Released: 27th February 2006
Writers: Fitzgerald Scott / Gary Smith / Maureen Collin / Kalenna Harper
Peak position: #14
Chart run: 14-20-33-49-73
She may have had the voice of an angel, but Charlotte Church was also famously – and sometimes controversially – outspoken. Yet, with four classical albums (and a greatest hits) under her belt before making the leap to pop music at the age of 19, she was better placed than most to release a single exposing what it was like to be on the other side of the newspaper headlines.
Charlotte Church’s venture into the mainstream market had never been quite so effortless as many expected from someone with her unquestionable talent. One of the frequent criticisms levelled at her first pop album – Tissues and Issues – is that it was frequently less than the sum of its parts. And there is some truth in the fact that it never consistently showcased Charlotte Church’s voice or personality as well as it could – and should – have. However, tucked away at the tail-end of the album campaign was this single. Moodswings (To Come At Me Like That) might be dressed up as a pleasant mid-tempo, but it houses a candid attack and doesn’t take much reading between the lines to see it as directed at the media. This was still a time when pop stars rarely answered back; so contrary to the perception that Tissues and Issues didn’t have much substance, here, Charlotte Church has an awful lot to say indeed.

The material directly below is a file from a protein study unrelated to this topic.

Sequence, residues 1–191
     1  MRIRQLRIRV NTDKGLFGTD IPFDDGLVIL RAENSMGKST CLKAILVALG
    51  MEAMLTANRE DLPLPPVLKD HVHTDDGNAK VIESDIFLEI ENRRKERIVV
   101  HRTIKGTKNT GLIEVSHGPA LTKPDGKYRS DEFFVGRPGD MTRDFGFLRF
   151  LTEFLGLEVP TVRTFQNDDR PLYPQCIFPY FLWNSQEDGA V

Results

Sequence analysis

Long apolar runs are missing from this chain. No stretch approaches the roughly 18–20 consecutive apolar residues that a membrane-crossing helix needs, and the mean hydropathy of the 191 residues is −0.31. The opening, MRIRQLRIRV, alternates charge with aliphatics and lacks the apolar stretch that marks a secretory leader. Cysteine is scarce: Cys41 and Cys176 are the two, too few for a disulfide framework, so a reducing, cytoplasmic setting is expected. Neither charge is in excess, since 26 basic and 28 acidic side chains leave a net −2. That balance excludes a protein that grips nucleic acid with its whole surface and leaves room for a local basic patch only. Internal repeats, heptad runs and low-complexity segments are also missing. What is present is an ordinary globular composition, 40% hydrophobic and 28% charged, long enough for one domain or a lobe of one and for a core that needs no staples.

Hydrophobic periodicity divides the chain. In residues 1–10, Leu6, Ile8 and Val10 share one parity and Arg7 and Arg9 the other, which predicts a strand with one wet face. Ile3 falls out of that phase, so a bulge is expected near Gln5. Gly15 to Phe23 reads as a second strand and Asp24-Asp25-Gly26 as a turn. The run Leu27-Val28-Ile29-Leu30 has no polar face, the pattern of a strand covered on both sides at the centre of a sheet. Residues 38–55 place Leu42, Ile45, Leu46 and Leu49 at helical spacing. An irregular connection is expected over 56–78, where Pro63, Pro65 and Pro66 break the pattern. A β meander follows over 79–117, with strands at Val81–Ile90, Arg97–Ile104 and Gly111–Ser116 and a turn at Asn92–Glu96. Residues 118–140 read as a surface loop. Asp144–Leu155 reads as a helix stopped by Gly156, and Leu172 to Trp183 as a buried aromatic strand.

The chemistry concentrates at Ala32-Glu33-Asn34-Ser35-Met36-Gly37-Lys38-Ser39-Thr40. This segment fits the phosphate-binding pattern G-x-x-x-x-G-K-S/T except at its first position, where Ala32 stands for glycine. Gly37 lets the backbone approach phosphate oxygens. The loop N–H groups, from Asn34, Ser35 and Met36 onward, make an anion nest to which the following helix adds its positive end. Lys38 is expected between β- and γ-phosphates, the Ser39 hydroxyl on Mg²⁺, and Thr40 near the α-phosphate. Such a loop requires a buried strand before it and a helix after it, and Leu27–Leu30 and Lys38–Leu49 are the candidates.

Although she had songwriting credits on more than half of the album, Moodswings (To Come At Me Like That) wasn’t among them, which is as surprising as it is faintly disappointing. It takes nothing away from the song, which is such a perfect summation of Charlotte Church’s position within the public eye. But to have her input would have added further clout to the pointed lyrics. Nevertheless, Moodswings (To Come At Me Like That) positions itself to construct an alternative perspective on the way celebrities – particularly women – are portrayed in the media: “If I give in to you then it’s what you want me to do, and if I lose my cool then I’m only pleasing you; you know just how to push me, my temperature is rising, blood pressure is building, I’m about to lose control”. In the absence of social media, this was Charlotte Church’s way of telling her truth; or at least a version of it.
And whether they were her words or not, the track neatly acknowledges the expectations of the squeaky-clean and intentionally uncontroversial popstar (“It all started back when people were doing me wrong and, because of my position I would hold my tongue for them”) with the lived reality of that lifestyle: “And you don’t know what I’m going through and, you might think it’s all about you but it’s everything…”. Where Moodswings (To Come At Me Like That) strikes a balance is that this is not about blame. It’s not an angry song; it’s an honest and defiant one (“…but I’m not going out like that”) where Charlotte Church acknowledges her flaws but presents a more rounded narrative which points out – quite rightly – that very few people within these scenarios exist merely as observers.
It would have easy – and entirely predictable – for Moodswings (To Come At Me Like That) to project its themes into a loud, shouty, two-fingers-up-at-the-press production. But instead, it does the complete opposite; the verses are delivered atop a repeated keyboard note and gentle guitar riffs, which eventually grow in prominence to envelop the chorus. The whole thing feels like a quirky sibling to the other singles from Tissues and Issues. Despite continually threatening to become more involved, the rockier elements always dial back to ensure Moodswings (To Come At Me Like That) never loses its sense of individuality. Despite the important message within the lyrics, there’s still a playfulness about the song, which is perhaps best characterised by the light-hearted, jangly outro.